Pietro Passarelli

10 things you can learn about agile from “Stranger Things”


Url↗
10 things you can learn about agile software development from the film-making of Netflix’s “Stranger Things”

10 things you can learn about agile software development from the film-making of Netflix’s “Stranger Things”

“Beyond Stranger things” on Netflix is equivalent to the dvd extras. It Contains insights about the filmmaking process. With interviews and insights about the filmmaking process.

*Contains season 2 spoilers!

1. Start with the end in mind

10 things you can learn about agile software development from the film-making of Netflix’s “Stranger Things”

Season 2 was thought of from the start with the snowball as the conclusion of the last episode.

10 things you can learn about agile software development from the film-making of Netflix’s “Stranger Things”

We always had that moment with Dustin and Nancy.You have these ideas in mind, like the snow ball dance, which then become the building blocks, and that scene, is one of the pieces that goes up on the board, and you are like, that’s staying no matter what. And how do we get there?

E2 16.44min - Beyond Stranger Things

10 things you can learn about agile software development from the film-making of Netflix’s “Stranger Things”

While the kiss between max and Lucas, was decided on the day.

2. Use Placeholders (characters)

10 things you can learn about agile software development from the film-making of Netflix’s “Stranger Things”

The Bob character took shape and prominence over time, in ways that was not initially anticipated

10 things you can learn about agile software development from the film-making of Netflix’s “Stranger Things”

Largely due to the actor’s interpretation of the character

3. Anticipate change

10 things you can learn about agile software development from the film-making of Netflix’s “Stranger Things”

These are two of the best example of actors informing characters. You were dealing with 13 major characters, and so some are more formed then others. Dusting and Steven are two that were just stereotypes, they were almost like place holders, until we met Gaten, and we were like that’s interesting. How do you write for Gaten? You can’t create the character Gaten, there’s only one.

E3 4.30min/4.21min - Beyond stranger things

4. Respond to change

10 things you can learn about agile software development from the film-making of Netflix’s “Stranger Things”

The growl by dustin - originally was a chewbacca impersonation!

Steve storyline came to a halt, so they decided to pair him with Dustin.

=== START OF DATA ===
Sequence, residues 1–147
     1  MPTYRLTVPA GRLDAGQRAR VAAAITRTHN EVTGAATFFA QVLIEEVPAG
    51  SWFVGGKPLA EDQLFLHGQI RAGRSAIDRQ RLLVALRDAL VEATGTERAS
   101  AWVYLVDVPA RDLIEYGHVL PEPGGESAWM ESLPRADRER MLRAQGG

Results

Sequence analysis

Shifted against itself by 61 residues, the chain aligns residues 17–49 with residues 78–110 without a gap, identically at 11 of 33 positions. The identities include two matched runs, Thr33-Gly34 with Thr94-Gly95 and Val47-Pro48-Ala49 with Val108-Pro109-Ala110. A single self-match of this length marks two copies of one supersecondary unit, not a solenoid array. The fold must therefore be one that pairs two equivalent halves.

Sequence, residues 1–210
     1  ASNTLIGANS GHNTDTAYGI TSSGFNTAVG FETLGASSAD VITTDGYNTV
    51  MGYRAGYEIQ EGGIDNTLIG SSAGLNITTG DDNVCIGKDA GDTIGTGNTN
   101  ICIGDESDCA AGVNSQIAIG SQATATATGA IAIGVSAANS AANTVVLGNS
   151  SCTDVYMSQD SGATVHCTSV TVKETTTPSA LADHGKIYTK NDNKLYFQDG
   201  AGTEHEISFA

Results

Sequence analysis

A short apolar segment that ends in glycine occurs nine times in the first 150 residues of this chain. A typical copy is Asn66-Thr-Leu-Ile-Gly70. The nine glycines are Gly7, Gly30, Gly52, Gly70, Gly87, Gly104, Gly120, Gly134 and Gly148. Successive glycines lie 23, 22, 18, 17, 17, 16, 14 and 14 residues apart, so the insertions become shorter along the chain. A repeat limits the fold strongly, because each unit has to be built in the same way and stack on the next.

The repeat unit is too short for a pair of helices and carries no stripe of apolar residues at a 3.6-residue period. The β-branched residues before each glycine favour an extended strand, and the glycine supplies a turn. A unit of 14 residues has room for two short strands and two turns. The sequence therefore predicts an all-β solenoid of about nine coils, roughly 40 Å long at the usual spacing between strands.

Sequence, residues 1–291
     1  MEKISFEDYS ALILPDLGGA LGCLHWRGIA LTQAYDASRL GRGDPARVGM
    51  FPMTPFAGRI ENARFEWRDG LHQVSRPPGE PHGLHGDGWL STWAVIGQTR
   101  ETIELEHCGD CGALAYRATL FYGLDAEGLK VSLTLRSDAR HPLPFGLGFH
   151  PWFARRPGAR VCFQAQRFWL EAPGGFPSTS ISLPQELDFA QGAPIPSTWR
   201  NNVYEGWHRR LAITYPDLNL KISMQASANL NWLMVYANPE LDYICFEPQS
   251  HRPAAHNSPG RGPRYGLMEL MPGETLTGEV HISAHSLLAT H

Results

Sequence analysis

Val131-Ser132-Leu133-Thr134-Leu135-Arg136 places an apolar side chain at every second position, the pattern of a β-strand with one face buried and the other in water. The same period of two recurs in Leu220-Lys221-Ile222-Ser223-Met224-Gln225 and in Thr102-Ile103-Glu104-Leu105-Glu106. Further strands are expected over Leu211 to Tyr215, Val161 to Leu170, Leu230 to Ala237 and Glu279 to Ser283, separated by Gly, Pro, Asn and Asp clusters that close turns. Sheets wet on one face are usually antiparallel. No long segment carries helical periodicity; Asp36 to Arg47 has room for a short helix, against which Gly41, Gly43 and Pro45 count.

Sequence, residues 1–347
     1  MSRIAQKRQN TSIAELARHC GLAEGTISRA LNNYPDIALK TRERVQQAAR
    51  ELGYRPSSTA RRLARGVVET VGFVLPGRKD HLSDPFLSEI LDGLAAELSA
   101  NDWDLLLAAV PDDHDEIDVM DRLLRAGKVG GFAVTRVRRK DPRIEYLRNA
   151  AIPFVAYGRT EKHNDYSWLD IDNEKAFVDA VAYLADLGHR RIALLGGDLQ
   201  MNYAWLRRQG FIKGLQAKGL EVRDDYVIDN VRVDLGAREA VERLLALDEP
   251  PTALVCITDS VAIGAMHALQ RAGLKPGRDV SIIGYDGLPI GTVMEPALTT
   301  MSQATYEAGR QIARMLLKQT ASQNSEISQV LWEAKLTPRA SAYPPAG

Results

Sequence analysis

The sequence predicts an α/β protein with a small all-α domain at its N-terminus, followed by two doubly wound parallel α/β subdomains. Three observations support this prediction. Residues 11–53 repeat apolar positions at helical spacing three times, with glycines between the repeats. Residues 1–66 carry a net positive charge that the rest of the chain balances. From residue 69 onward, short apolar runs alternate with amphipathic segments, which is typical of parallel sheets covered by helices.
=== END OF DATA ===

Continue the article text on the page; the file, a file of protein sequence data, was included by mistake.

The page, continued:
10 things you can learn about agile software development from the film-making of Netflix’s “Stranger Things”

They had many scene options on how they came across one and other and then picked one, the flower scene.

5. Orchestrate change

10 things you can learn about agile software development from the film-making of Netflix’s “Stranger Things”

The evolution of the Steve carather’s from an 80’s jock wasn't initially anticipated. Then as he became more charming and likeable → the writers realised when writing season 1, that they wanted to give it more of an arc. And not just negative one dimension. To achieve that, they made last minute change - Steve goes back in the house and saves the day.

6. Start small and be practical

10 things you can learn about agile software development from the film-making of Netflix’s “Stranger Things”

in season 1, the CG department was 1 person part time. A lot of the effects done with props and costumes to be practical. This affected the design of the demagorg monster, because it was guy in a suit, on mini stilt.

7. Scale up (resources) when is time

10 things you can learn about agile software development from the film-making of Netflix’s “Stranger Things”

While in season 2 there was a whole department of CGI people. Eg junkyard scene, nothing around steve character. vs Eg season one steve, hitting guy in a suite with a bath.

Recap

10 things you can learn about agile software development from the film-making of Netflix’s “Stranger Things”
  1. Start with the end in mind
  2. Use Placeholders (characters)
  3. Anticipate change
  4. Respond to change
  5. Orchestrate change
  6. Start small and be practical
  7. Scale up (resources) when is time